Studies in Crap Presents "Science for Christian Schools: Grade 6"
Your Crap Archivist brings you the finest in forgotten and bewildering crap culled from basements, thrift stores, estate sales and flea markets. He does this for one reason: Knowledge is power.
Science for Christian Schools: Grade 6
Author: Joseph Henson, Georgre Mulfinger, Jr., and Emmett Williams
Publisher: Bob Jones University Press
Discovered at: Goodwill
The Cover Promises: "With the rock of truth, we can smash the eyeglass of humanism!"
Representative Quote: "Scientists who take God's Word seriously realize that the earth and moon are separate creations, brought into existence for different purposes." (page 57)
Before they get to covering the minerals, microorganisms, and miracles that are a part of any well-rounded science education, the authors of Science for Christian Schools - all working at the behest of Bob Jones University, where shorts and sideburns are still forbidden -- first clear up just what exactly they mean by science.
"The study of science is both interesting and helpful," they admit before adding this caveat: "It is not Absolute Truth . . . The study of science must be done in the light of God's Word."
A Thought Experiment From BJU:
Imagine scientists have discovered a fossilized fish on a mountaintop.
"A scientist who believes in evolution . . . would reason that the whole area must have been underwater in only the last million years or so. A scientist who believes in the biblical account of Creation would say that the fossil was probably formed a few thousand years ago when the Flood of Noah's time covered the entire earth."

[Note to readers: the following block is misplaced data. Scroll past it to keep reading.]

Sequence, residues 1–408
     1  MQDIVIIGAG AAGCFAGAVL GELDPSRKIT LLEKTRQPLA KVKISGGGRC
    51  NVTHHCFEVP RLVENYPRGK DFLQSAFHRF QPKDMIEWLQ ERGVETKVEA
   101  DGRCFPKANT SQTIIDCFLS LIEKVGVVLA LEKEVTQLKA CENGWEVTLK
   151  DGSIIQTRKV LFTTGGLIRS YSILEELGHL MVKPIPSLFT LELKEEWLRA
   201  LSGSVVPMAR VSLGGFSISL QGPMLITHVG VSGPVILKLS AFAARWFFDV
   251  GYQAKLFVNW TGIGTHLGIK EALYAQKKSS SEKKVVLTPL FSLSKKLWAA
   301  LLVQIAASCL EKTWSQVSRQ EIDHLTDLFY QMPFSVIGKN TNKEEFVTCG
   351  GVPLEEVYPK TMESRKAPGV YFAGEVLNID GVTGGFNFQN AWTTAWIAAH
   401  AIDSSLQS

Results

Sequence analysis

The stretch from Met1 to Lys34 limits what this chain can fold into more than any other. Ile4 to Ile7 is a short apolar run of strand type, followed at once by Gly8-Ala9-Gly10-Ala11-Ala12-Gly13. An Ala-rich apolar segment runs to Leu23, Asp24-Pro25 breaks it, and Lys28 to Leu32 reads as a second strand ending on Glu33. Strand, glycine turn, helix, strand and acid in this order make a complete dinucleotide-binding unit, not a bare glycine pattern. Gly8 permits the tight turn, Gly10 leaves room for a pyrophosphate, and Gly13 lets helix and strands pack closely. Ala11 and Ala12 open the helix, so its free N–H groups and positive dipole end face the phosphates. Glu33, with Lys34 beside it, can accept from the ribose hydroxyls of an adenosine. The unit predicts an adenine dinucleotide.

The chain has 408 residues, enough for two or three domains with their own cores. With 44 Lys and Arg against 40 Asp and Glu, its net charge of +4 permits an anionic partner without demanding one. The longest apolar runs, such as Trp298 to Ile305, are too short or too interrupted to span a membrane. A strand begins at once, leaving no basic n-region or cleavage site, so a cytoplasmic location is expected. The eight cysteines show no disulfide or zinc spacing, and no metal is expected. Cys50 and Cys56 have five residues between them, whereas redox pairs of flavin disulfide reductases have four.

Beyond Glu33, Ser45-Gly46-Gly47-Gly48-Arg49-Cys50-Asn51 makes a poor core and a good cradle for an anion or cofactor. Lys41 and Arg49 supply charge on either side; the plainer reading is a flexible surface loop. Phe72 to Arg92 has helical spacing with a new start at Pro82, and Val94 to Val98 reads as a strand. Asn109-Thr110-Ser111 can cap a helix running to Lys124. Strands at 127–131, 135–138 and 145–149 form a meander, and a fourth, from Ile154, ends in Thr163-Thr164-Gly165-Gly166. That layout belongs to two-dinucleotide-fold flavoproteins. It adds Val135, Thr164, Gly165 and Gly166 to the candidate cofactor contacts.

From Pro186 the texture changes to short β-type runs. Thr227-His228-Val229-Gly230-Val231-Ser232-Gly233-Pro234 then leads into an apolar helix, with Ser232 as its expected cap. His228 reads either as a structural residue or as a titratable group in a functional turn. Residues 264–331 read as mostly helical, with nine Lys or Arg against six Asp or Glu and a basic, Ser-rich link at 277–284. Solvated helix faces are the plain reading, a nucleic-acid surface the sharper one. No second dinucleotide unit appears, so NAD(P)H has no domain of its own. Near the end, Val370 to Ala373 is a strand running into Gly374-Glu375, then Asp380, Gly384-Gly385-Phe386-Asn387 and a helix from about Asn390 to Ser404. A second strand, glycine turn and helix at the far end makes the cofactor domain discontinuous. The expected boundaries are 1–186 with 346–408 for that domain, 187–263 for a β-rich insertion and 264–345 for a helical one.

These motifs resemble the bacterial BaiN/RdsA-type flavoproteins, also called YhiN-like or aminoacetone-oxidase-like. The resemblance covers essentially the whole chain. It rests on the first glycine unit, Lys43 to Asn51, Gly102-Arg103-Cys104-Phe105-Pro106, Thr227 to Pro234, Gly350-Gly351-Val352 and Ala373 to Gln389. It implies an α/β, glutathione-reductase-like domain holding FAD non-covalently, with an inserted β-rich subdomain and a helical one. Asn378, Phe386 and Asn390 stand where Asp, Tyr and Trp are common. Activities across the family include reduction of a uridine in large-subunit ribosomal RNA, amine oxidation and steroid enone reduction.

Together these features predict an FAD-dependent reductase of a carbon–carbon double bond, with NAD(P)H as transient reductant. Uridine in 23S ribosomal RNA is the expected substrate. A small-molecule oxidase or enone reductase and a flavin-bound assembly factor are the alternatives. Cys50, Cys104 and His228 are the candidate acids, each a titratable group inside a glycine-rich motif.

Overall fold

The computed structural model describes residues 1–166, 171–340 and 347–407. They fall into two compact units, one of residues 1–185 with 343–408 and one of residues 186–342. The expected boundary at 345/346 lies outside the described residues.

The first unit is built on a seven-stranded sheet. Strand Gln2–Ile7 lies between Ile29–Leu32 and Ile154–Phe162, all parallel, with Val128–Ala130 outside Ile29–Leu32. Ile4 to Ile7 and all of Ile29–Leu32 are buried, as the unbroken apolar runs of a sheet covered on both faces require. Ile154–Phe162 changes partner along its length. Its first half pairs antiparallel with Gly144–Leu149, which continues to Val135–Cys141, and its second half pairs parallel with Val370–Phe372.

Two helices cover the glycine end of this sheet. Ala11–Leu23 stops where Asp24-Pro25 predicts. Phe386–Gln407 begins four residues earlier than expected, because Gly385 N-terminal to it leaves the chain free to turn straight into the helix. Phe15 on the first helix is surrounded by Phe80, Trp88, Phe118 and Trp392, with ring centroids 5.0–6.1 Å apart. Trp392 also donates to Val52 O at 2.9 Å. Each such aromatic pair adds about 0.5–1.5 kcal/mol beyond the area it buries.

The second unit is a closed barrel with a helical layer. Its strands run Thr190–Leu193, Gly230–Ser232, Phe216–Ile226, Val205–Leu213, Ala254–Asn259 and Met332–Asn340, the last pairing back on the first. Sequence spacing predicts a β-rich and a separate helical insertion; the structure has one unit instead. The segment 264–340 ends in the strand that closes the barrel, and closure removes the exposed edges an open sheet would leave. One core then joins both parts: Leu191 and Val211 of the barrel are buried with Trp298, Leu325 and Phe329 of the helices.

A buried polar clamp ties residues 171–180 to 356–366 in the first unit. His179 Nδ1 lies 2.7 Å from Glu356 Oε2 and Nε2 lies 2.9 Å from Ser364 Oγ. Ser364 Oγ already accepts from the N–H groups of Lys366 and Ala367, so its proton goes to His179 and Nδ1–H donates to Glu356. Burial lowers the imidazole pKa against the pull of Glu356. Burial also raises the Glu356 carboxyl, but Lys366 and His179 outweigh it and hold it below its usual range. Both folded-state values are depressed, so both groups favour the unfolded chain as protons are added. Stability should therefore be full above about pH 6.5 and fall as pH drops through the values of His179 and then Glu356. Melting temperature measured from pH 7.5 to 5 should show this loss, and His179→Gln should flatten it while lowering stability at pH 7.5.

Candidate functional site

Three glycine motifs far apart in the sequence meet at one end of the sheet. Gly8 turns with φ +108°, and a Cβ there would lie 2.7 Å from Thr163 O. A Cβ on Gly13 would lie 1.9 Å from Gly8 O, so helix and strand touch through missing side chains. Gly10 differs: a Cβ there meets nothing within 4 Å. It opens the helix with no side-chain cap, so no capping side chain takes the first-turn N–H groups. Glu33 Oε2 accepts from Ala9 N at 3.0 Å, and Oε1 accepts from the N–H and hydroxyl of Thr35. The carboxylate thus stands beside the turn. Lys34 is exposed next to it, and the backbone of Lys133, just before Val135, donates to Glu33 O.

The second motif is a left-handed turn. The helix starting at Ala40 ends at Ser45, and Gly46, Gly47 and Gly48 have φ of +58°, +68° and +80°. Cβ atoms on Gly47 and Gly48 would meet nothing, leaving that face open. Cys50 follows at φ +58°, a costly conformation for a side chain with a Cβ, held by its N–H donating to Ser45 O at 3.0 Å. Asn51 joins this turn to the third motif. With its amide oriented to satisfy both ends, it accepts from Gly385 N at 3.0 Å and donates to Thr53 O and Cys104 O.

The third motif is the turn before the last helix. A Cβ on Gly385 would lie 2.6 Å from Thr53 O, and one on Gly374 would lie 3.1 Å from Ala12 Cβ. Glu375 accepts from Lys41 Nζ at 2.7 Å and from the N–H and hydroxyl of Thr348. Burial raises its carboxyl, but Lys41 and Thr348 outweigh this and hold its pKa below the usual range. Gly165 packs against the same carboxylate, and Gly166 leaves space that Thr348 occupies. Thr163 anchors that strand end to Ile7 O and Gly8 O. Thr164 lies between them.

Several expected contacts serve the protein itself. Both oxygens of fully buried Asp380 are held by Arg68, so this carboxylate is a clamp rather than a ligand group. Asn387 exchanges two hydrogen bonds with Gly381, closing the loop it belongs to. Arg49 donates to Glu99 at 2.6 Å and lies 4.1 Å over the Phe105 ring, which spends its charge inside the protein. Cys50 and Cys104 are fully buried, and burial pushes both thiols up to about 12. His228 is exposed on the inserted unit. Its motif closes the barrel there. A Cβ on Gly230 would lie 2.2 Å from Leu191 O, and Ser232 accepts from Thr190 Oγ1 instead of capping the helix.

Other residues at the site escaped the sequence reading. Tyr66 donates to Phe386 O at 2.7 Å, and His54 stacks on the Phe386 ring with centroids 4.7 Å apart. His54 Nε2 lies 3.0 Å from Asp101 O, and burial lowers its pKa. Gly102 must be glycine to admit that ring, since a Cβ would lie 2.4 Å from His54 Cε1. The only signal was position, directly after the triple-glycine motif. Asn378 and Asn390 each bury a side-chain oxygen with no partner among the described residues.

. . . a vengeful God flooded the earth to punish mankind for its wanton displays of ankles and facial hair.
Points of controversy:
Once its methodology is established, Science for the Christian School: Grade 6 does an adequate sketching out the basics of elementary school science: sunspots, moon-shots, and weights and density are covered with a faint dusting of "God Willed It."
- "The usual explanation for coal given by evolutionists, on the other hand, involves imaginary peat bogs that are said to have existed millions of years ago."
- "Evolutionists had hoped that some form of life might be found on Mars. Such a find would help support their belief that life 'happens' by itself wherever conditions are right."
- "God demanded Adam to subdue the earth and have dominion over the animals (Genesis 9:3.)"
What "dominion" means, in practical terms: if you're a science teacher needing to demonstrate how God gave all beasts reflexes, toss a cat.
From the "Suns and Stars" chapter:
"When Galileo first used a telescope to study the heavens in 1609, he was amazed at the number of stars he could see. He declared that the stars were 'innumerable.' People then began to have a greater appreciation for the mighty works of the Creator."
Yes: Galileo, friend of the church.
"A miracle is something that cannot be understood by natural processes," the authors write in the final chapter, "Miracles." They continue: "The results of a miracle are observable, but the way it was accomplished is not."
What follows is an earnest stab at explaining, scientifically, just what is and is not a miracle. Since God intends miracles to be recognized as such, miracles (or "His mighty work") are clearly manifest in the physical world for all to behold: think the parting of the Red Sea.
If, on the other hand, a girl "miraculously" survives a car crash, this is something different:
"God probably worked within the natural laws, and the girl's protection would not be a true miracle. An event may be a direct answer to prayer and not be a miracle."
The question never answered: can God make a cat so clumsy even He can't drop it on its feet? And if He did so, is that a miracle?
[The Crap Archivist lives in Kansas City, where he originates his on-line Studies for the Voice's sister paper, The Pitch.]
Get the ICYMI: Today's Top Stories Newsletter Our daily newsletter delivers quick clicks to keep you in the know
Catch up on the day's news and stay informed with our daily digest of the most popular news, music, food and arts stories in New York, delivered to your inbox.